The CPP/OMS company hierarchy has become more and more complex over the years and isn’t particularly well understood. It is becoming increasingly important to get right and this post aims to help clarify how companies should be setup.
A “company” can be used to represent four separate concepts:
- A trading entity such as a supplier1 or a retailer23
- A dropshipping relationship or connection between a supplier and a retailer
- An administrative collection of related retailers
- A fulfilment centre for production (this article does not cover fulfilment centres)
1 Suppliers are further classified as either B2B or B2C.
2 A retailer could also be self supplying (self fulfilment).
3 Generally, there should be a separate retailer company for each website or point of sale, though it is possible for a single retailer company to be used across multiple websites in certain circumstances (i.e. 100 white label sites hosted on a single Magento instance).
Primary and Secondary
In the context of a user, the user’s primary company is the company to which they are assigned via the dropdown in CPPv1. The user’s secondary companies are the companies which the user has been associated with via the multi select tick boxes in CPPv1.
In the context of an order that has both a primary and secondary set, the primary must always be a retailer and the secondary must always be a dropship.
In the context of an order that only has a primary, the primary must be either a retailer or a dropship.
- Retailer and supplier companies have a parent administrative company.
- Dropshippers must have both a parent supplier and a parent retailer
+----------------+ +----------------+ |Administrative A| |Administrative E| +--------+-------+ +---------+------+ | | | | | | | | | | +--------+--------+ | | | | | | | | | | | | | +-----+----+ +-----+----+ +----+-----+ |Retailer B| |Retailer C+------>Dropshipper C-F+------>Supplier F| +-----+----+ +----------+ +----------+ | | | v Dropshipper B-D + | | | | | +----------+ +---->Supplier D| +----------+
Normally, most companies would have Custom Gateway set as the administrative company. This is most appropriate when the trading entity in question has a fairly simple relationship with the system.
For example, a standalone retailer such as Getting Personal or a supplier such as Colorado Timberline.
However as soon as that relationship is more complicated (usually if the client creates their own companies), then administrative companies should be used instead.
For example, Evode are a partner company for who The Entertainer are a retailer client.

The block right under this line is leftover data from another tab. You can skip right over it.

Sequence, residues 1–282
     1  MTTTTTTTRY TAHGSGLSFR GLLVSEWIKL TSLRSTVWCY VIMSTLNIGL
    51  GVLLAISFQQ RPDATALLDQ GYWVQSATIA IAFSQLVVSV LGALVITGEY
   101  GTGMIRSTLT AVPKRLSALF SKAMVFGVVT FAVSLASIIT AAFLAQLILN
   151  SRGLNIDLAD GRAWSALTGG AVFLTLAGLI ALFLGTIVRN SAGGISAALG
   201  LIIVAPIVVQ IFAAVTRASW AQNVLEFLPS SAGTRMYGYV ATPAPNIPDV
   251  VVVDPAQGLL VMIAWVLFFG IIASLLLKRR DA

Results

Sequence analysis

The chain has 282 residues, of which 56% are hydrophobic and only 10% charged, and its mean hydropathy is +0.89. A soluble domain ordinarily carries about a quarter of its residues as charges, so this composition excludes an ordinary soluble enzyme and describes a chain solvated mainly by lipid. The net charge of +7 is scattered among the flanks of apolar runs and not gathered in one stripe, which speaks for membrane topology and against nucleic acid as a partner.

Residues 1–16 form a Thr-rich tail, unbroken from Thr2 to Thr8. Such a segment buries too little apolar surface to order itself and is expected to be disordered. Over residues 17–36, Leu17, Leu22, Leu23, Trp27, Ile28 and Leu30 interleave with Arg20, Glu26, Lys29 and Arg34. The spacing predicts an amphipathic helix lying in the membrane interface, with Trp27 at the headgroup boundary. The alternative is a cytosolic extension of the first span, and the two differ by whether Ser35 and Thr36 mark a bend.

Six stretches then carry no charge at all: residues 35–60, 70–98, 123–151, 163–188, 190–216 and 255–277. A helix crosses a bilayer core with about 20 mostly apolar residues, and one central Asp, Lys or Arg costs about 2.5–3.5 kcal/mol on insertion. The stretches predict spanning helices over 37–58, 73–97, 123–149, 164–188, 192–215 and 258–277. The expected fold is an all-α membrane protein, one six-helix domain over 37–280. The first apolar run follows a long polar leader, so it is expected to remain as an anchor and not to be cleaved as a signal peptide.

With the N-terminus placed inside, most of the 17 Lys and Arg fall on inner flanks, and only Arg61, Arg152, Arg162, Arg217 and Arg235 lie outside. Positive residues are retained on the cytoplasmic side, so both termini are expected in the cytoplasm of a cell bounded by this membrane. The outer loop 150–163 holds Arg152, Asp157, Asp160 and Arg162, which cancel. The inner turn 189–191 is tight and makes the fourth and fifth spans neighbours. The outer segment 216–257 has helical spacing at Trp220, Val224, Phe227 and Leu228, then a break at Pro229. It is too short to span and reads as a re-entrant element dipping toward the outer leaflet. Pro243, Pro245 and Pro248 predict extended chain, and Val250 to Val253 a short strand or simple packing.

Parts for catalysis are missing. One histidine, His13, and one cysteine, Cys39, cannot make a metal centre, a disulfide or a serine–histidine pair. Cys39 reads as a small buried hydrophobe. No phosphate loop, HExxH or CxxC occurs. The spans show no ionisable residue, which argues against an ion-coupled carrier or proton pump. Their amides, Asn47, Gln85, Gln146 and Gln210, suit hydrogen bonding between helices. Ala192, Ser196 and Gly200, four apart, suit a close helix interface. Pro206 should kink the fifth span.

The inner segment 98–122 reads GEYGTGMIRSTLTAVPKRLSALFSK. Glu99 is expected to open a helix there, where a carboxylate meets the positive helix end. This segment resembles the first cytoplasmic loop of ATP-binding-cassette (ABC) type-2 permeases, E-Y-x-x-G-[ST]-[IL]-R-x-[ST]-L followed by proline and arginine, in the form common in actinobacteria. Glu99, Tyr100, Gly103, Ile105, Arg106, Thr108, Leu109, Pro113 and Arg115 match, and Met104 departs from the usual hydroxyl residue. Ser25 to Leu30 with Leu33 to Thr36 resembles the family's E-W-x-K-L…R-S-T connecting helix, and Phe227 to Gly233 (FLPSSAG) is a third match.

Therefore, Evode should be an administrative company and The Entertainer should be a retailer with Evode set as the administrative company.
Being an administrative company also has implications for how commissions are collected by Custom Gateway. Commission invoices are grouped by administrative company, unless the administrative company is Custom Gateway itself, in which case retailers and suppliers are invoiced separately.
Another example is K2 Greetings. They are an administrative company because they create companies for the own retail customers and because we charge K2 commisions and not their own retail customers directly.
User Secondary Company Rules
CPP/OMS users are assigned a primary company but can also have access to any number of secondary companies.
Generally the user’s secondary companies would all be dropshippers with the user’s primary being either a retailer or a supplier.
However it is also possible for the user’s primary company to be a non Custom Gateway administrative company, in which case the user’s secondaries could be a mix of retailers, suppliers and dropshippers.
There are some rules in place to help stop users having inappropriate secondary access to companies:
- Users cannot have secondary access to administrative companies
- When the user’s primary company is not administrative, the user cannot have secondary access to non-dropship companies that have a different administrative company than the user’s primary company
- When the user’s primary company is administrative, the user cannot have secondary access to non-dropship companies that don’t have the user’s primary company set as its administrative parent
- Users who have a supplier as a primary company can only have access to dropship companies that match their primary company
- Users who have a retailer as a primary company can only have access to dropship companies that match their primary company
The rules may be easier to understand in the form of a table:
|Rule||Primary Type||Secondary Type||Can User Have Access?|
|2||not Administrative||not Dropship||Only when the user’s primary and the secondary’s admin companies match|
|3||Administrative||not Dropship||Only when the secondary’s admin company is the user’s primary company|
|4||Supplier||Dropship||Only when the dropship’s supplier parent is the user’s primary company|
|5||Retailer||Dropship||Only when the dropship’s retailer parent is the user’s primary company|
The company hierarchy is also used to enforce when orders can be manually edited in OMS.
There are two scenarios, usually depending on how the order was created.
Order has both a primary and secondary company
|Secondary Company Type||Order Status||Can User Edit Order?|
||Only if the user has explicit1 access to the secondary company’s supplier|
|not Dropship||any||Yes, though this is technically invalid. The secondary company should be a dropship.|
1 This rules out staff members who have implicit access to all companies.
Order only has a primary company
Any user with access to the order’s primary company has full edit access.
The company structure is also important for determining how multi supplier orders are split.
For example, a retailer integration setup against a retailer company will only be allowed to use products that are supplied by suppliers with which the retailer has a dropship relationship.